By Adnan Abbasi, Reporter
Yesterday, while I was taking a test in the right room that you see behind the counter of the Testing Center, a room in the Student Conference Center, a test administrator came into the room and told my notetaker and I to stop taking my test and follow her, as there was an emergency in progress. I thought it was just a drill, as I had never been a part of something like this; but then again, I had only been on campus for two semesters.
After 15 minutes, I got restless with the alarm repeating on the loudspeakers, so I tried looking for an explanation of what was happening on my cell phone and the internet. I looked at Lone Star College’s official Twitter, but it did not have any explanation other than there was an emergency at the Kingwood campus. I searched the internet and found nothing. Finally, on Twitter once again, I searched Lone Star College-Kingwood instead of the official page.
That’s where things got dicey. People were reporting that they were testing the alarm, that it was a drill, that it was just a prank and other unsubstantiated claims.
My friend on Facebook, who was in the LIB Building at the time of the incident, confirmed this, though. I was panicking for my friend, but I kept a cool head and stayed calm. After this, we heard a knock on the closed door. The proctor got up from his seat and asked who it was. No answer, so he just sat down.
After what seemed like an eternity, the proctor looked out the windowed door and noticed a gentleman who was in all camouflage holding a semi-automatic rifle. He told us he had other officers coming behind him.
When the officers knocked on the door, they told us to come out of the room with our hands in the air. Of course, with me being disabled and in an electric chair, I had to keep one hand down, which was not a problem for the officers, but in my mind, I was thinking, how can they be sure about me? Worst-case scenarios rushed into my brain, such as what if the rifleman did not believe me when I couldn’t lift both my arms. What would happen then? Thankfully, the officer did not believe I was a threat.
After we were all in the hall, a student said aloud how the officers expected us to keep our hands in the air for so long. The officer told him to just cooperate, that he knew he was scared. Of course, he made a sly remark and he brushed it off, but it could have been way worse, is what I was thinking.
At this point, we were led to the stairs at the end of the hall. With me being in a wheelchair, though one of the officers exclaimed to the rifleman that I was unable to go down the stairs. He looked at me with concern, as if he was genuinely worried about my well-being, but almost immediately asked the proctor, who was behind me at the time, if he was with me, and where the nearest elevator was located.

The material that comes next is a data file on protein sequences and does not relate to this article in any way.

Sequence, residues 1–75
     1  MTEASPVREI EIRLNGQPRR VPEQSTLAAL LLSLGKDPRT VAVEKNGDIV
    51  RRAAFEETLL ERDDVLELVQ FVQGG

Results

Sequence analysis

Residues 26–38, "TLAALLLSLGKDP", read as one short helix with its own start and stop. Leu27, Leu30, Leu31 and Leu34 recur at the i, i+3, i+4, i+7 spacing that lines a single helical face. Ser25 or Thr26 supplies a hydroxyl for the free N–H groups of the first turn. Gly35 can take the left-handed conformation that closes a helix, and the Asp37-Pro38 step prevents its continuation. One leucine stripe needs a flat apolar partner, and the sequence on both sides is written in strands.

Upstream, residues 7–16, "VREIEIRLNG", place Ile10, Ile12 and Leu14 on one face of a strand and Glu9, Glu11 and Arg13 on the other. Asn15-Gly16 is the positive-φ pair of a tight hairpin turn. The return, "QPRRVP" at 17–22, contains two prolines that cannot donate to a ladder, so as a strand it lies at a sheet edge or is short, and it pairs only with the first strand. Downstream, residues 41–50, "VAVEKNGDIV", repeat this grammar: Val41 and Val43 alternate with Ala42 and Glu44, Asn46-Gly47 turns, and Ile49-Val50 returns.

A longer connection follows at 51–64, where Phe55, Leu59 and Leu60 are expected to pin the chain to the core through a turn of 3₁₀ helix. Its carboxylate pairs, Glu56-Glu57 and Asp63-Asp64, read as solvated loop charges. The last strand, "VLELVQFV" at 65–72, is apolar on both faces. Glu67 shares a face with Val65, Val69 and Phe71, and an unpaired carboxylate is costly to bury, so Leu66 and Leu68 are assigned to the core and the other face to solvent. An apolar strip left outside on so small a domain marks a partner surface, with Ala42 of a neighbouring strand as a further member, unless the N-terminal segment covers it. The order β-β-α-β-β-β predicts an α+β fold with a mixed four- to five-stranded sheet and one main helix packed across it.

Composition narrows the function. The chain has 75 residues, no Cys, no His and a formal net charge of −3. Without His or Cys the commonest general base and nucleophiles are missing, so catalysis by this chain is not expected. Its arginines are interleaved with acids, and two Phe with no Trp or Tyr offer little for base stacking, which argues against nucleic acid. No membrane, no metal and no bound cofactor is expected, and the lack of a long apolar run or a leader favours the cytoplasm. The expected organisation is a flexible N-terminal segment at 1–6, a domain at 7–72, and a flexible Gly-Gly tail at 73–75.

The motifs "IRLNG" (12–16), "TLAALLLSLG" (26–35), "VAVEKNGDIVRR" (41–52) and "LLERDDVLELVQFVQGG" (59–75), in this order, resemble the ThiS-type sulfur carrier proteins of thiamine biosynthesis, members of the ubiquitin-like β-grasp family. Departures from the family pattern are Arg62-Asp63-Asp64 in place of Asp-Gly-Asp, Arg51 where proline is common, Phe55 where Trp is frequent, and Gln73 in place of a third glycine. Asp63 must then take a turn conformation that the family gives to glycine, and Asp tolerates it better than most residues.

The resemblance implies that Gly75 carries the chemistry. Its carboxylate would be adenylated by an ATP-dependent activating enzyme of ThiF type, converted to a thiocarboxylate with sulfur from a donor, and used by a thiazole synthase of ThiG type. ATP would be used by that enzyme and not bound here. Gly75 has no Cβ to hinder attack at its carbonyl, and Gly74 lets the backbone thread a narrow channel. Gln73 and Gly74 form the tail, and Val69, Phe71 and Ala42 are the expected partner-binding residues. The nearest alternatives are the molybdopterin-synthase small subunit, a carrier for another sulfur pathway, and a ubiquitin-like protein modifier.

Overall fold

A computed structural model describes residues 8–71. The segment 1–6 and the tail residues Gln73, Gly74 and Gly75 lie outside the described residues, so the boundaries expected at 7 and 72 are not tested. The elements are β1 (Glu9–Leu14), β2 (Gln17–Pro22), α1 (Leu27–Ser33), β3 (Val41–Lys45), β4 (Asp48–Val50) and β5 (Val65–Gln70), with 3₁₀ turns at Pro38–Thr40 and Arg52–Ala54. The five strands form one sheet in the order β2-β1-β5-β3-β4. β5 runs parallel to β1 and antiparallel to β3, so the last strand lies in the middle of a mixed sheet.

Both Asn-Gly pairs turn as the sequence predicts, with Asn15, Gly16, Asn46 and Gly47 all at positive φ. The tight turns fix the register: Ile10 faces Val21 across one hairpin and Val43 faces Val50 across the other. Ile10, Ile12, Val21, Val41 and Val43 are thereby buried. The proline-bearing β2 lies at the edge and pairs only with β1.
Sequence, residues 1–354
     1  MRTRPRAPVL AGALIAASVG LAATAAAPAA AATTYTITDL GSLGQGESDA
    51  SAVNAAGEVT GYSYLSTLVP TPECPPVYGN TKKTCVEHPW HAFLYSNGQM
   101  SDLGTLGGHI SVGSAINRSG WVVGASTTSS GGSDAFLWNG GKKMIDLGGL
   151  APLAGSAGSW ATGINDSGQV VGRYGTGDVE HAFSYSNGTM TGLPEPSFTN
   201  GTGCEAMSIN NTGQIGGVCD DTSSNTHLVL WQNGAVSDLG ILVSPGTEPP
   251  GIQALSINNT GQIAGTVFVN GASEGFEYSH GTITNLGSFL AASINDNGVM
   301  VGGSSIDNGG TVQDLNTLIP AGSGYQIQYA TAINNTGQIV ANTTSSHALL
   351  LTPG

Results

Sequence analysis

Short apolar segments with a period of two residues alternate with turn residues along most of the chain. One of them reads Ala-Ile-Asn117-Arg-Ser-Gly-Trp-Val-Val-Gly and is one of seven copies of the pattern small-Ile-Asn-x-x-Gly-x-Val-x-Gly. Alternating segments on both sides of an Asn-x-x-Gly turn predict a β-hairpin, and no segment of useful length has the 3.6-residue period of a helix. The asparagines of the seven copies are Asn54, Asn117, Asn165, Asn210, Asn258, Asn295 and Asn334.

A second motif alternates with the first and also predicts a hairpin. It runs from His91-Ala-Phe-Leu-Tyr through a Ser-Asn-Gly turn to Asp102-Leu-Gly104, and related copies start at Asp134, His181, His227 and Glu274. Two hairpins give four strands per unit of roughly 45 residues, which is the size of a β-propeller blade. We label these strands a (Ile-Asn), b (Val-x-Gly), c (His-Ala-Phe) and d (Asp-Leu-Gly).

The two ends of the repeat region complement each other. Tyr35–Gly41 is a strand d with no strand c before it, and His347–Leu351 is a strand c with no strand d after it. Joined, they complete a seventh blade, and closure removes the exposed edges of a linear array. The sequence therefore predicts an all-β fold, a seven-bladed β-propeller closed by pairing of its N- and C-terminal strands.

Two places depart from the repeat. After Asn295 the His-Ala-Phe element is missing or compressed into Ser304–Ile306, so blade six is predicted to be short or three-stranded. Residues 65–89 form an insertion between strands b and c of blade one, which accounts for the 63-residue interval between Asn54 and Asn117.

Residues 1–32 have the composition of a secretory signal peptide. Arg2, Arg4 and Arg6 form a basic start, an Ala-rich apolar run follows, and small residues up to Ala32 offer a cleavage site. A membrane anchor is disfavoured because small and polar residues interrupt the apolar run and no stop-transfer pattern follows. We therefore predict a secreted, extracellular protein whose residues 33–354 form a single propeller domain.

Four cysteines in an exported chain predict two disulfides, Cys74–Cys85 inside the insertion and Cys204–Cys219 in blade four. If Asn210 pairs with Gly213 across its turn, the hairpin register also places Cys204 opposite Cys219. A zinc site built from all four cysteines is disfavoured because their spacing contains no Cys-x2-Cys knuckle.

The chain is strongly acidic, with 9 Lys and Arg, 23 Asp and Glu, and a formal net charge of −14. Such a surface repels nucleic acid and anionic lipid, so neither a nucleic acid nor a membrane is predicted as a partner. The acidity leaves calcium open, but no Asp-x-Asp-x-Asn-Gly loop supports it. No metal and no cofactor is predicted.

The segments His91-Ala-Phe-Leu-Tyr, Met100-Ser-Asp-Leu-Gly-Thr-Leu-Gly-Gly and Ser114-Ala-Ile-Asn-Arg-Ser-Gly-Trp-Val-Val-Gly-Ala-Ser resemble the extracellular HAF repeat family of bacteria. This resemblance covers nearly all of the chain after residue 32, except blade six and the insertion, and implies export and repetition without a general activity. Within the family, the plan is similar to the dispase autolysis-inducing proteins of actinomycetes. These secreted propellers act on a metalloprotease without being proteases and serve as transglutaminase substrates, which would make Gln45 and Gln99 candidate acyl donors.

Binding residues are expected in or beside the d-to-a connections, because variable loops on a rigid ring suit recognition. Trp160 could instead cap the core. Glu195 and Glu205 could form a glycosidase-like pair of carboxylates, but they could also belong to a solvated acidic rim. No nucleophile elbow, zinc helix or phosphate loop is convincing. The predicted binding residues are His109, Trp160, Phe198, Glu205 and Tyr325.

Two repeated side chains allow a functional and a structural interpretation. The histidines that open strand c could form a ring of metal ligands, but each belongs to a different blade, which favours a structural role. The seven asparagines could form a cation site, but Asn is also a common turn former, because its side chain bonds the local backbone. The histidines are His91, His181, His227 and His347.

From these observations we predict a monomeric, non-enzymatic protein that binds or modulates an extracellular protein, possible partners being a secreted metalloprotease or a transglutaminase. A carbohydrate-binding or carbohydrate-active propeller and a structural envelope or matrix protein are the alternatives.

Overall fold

The proctor said no, but that he was willing to be with me. He then pointed in the opposite direction of the stairs and said that the elevator was down the hall. The rifleman led us down the hall and pushed the elevator call button. I entered first, the proctor following, and so on. As we went down, the rifleman was serious, as he should have been, but I noticed a bit of worry. Not much, since he had a rifle with him, but still. It was reassuring to me, at least, that we were dealing with a person and not a programmed individual to protect us.
As we left through doors to the SCC building, I went out into the sun and down the ramp to the left where everyone who had been evacuated was gathered. At this time, I couldn’t see the proctor who was following me but was with other individuals being guarded by police officers.
My mother, obviously worried about me, had been texting me while I was on the move. I finally got the chance to text her, and she told me that she was on the way to pick me up. Twenty minutes later, she texted me that she was at the APA parking lot; I was outside of the SCC. After much deliberation about me not being able to go into the building, she came around the building and parked in the parking lot of the doctors’ offices adjacent to the SCC entrance, walked over to me and hugged me. We left at 4:00 pm because I had gotten a message that the All Clear had been given to the Kingwood campus through a text alert at 4:30.
I was not worried while the incident was happening, but that night, as I lay awake, I thought about the disabled individuals on campus. I let the Kingwood Student Leadership chat know that I would be attending the next Active Shooter Training. There must be a way for disabled people to be safe; the police must have some sort of protection for disabled individuals. This incident gave me some chills; not much, but enough for me to be vigilant and aware of my surroundings, which is a grand thing in this climate in which we live, especially in Texas.